Once they make their way to the waters, they don’t just sit there; they swim, they sink, and they behave in a variety of different ways. Because some of these radioactive isotopes were absent from the natural environment until the mid 20th century, they only have a relatively small number of possible sources and can act like “fingerprints”, pinpointing the movement of particular water currents. So scientists can sample ocean water on large research ships, look at radionuclide concentrations in the water today, and see how far they have moved around in the oceans.

There are two types of interesting radionuclides: those that dissolve in the water, such as tritium or caesium, and those that react with particles, like plutonium. These two types of behaviour allow oceanographers to study different oceanic processes.

The Pacific Ocean - Source: NASA, Wikimedia Commons.

The Pacific Ocean – Source: NASA, Wikimedia Commons.

Soluble radionuclides are useful because they get transported with water masses: where the water goes, the radioactive element follows. Because scientists know with relatively high confidence where the elements entered the water, they can look at how ocean circulation has re-distributed them worldwide. For example, high caesium concentrations were recently found in the Tasman Sea. These must have come from elsewhere as very few nuclear tests were carried out in the Southern Hemisphere. Scientists were able to trace this caesium back to its source in the North Pacific Ocean, allowing them to study in detail the way that Pacific waters get transported across the equator over decades.

Particle-reactive elements like plutonium are equally useful. They will tend to attach themselves to larger particles (what is called being scavenged) rather than dissolve in the water, so they will slowly sink to the bottom of the ocean along their transport route. A few years ago, scientists from the Marine Environmental Laboratories of the International Atomic Energy Agency in Monaco carried out a global study of plutonium in the oceans of the southern hemisphere. They found that plutonium from the North Pacific region had made its way to the South Pacific, through to the Indian Ocean, and onto the South Atlantic. They also noticed lower and lower concentrations in the surface waters along the way, so they were able to study both the exact route of water transport, and the rate at which particles in the ocean scavenged this plutonium.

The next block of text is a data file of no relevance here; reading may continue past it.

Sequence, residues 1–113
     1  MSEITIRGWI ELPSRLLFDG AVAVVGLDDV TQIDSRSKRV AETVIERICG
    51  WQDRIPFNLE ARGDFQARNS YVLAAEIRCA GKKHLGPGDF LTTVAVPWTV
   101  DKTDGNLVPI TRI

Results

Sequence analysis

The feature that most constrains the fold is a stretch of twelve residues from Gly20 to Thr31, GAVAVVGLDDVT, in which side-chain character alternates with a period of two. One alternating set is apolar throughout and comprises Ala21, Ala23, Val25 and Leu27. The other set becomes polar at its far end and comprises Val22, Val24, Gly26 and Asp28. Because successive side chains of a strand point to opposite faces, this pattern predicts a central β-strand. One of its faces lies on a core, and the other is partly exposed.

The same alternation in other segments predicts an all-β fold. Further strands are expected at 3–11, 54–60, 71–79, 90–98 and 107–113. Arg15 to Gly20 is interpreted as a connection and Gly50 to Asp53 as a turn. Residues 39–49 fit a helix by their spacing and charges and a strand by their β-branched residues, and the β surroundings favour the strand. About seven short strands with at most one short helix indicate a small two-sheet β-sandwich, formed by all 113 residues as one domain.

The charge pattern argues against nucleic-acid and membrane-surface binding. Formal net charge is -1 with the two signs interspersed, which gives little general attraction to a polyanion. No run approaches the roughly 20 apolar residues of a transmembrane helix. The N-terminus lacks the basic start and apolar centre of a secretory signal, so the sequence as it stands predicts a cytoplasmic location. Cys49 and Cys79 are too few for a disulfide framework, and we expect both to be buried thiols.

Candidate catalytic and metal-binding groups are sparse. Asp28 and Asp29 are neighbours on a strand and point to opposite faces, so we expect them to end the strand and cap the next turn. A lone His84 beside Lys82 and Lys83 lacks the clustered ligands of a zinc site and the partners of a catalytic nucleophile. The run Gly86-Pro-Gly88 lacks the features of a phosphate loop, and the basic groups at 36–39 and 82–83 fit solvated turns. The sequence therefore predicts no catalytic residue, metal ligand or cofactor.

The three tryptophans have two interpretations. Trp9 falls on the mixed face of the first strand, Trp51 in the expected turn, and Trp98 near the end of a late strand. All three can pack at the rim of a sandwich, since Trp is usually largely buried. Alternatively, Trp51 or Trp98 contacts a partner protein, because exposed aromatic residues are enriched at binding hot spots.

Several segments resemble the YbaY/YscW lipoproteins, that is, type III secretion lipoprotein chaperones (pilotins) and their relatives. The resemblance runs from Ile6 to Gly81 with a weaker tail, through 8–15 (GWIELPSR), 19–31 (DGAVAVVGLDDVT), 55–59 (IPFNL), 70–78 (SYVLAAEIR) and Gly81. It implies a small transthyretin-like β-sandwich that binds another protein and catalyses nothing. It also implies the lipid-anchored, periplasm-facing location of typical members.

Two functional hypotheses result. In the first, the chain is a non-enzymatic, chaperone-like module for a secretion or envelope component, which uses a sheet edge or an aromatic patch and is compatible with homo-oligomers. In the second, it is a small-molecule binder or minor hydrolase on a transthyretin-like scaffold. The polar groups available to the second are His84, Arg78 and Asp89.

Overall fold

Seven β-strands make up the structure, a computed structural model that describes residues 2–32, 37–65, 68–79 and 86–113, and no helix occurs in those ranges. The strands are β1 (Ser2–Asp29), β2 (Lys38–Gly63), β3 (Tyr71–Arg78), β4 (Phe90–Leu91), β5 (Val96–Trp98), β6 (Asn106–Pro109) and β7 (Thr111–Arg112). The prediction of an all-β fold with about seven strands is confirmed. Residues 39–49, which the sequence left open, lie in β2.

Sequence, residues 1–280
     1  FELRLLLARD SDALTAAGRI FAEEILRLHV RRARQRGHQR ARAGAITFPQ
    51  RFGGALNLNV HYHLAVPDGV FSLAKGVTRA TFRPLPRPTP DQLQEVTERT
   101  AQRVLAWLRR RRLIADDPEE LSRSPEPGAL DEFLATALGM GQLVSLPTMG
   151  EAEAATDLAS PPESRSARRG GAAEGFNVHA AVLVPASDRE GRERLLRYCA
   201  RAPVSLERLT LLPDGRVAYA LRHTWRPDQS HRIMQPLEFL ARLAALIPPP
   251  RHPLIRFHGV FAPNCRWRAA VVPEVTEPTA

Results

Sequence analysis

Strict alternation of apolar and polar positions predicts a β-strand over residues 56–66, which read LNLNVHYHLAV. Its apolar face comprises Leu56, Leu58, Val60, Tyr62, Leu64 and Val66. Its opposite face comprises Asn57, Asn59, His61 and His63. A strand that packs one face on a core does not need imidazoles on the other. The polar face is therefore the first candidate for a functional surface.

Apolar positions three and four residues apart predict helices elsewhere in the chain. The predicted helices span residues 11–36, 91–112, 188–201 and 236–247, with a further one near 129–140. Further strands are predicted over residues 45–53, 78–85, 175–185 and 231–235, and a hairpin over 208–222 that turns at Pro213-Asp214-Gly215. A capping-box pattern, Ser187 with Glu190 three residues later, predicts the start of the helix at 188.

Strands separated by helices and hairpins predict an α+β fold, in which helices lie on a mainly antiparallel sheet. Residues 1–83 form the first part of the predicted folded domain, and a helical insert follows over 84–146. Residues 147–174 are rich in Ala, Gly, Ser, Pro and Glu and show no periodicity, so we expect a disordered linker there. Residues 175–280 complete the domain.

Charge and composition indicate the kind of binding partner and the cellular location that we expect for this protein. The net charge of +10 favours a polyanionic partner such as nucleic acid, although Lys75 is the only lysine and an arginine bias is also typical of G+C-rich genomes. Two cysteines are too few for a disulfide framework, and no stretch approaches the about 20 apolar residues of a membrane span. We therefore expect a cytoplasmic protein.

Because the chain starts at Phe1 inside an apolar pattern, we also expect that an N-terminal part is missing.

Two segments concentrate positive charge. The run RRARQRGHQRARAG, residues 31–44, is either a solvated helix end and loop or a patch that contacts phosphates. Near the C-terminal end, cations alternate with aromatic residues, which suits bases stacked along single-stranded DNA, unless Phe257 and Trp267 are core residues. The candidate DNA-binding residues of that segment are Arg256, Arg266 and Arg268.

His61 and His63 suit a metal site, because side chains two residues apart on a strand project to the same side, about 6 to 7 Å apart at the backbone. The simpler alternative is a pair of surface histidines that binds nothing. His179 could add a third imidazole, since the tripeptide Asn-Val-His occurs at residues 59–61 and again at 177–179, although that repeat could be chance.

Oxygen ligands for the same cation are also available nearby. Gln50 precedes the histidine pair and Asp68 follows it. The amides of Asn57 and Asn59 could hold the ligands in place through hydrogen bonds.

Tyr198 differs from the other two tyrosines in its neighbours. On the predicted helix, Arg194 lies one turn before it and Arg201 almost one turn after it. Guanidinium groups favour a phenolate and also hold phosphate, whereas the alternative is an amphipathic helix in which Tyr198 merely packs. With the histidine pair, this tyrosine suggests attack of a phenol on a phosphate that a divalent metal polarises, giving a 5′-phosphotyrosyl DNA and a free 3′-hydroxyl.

Gallons and gallons of water

Though these radioactive elements are clearly present in the waters, their concentrations once they have travelled the world can be extremely low. This is a challenge for oceanographers wanting to measure them, because instruments cannot detect radioactivity below a certain level and measurements can be hampered by other sources of radiation. So scientists need to sample enough water to be able to confidently determine the radioactivity of their target radionuclides.

A rosette system for sampling seawater from research vessels - Source: NOAA Photo Library, Wikimedia Commons.

A rosette system for sampling seawater from research vessels – Source: NOAA Photo Library, Wikimedia Commons.

For tritium, this is relatively straightforward as it is present in high enough concentrations (but with little radiological impact). Approximately 1L of water is sufficient to determine its activity. But other radionuclides, such as technetium or caesium, have typically required up to hundreds of litres of water for one sample. This, of course, is problematic when sampling on a research ship: space is quickly taken up by huge containers of sampled water, and all of this water gets very heavy! Until recently, sampling ships have had to restrict themselves to certain elements or to a small sampling area in order to cope with the large volumes of water required.

Recent developments have allowed scientists to get around some of these problems. Radionuclides can be pre-concentrated on board the ship with clever feats of chemistry: the sampled water is passed through pumping systems containing certain reagents that ‘fix’ the radionuclide of interest (for example caesium), removing it from the bulk of the water. Once this is done, the remaining water can be emptied back into the ocean.

Developments in detector efficiencies and new ‘radiation-proof’ underground laboratories have also substantially increased the sensitivity of instruments and allowed the determination of important radionuclides in samples of tens rather than hundreds of litres.

Most of these radionuclides entered the oceans nearly half a century ago (this interesting video gives an idea of the scale of cold war nuclear testing over the Pacific Ocean). They will continue to decay with time and some will eventually disappear in a few decades. The longer-lived isotopes, however, will continue to swim the oceans for thousands of years to come. In any case, scientists will be able to use these nuclear products to study the world’s oceans.

Marion is a postdoctoral researcher at Imperial College London, embarking on a science communication career and about to start an MSc in Science Communication. She holds a PhD in Paleoclimatology and Environmental Geochemistry and has worked in China as a climate modeller. She is particularly interested in climate change research and environmental policy. Tweets as @mle_marion.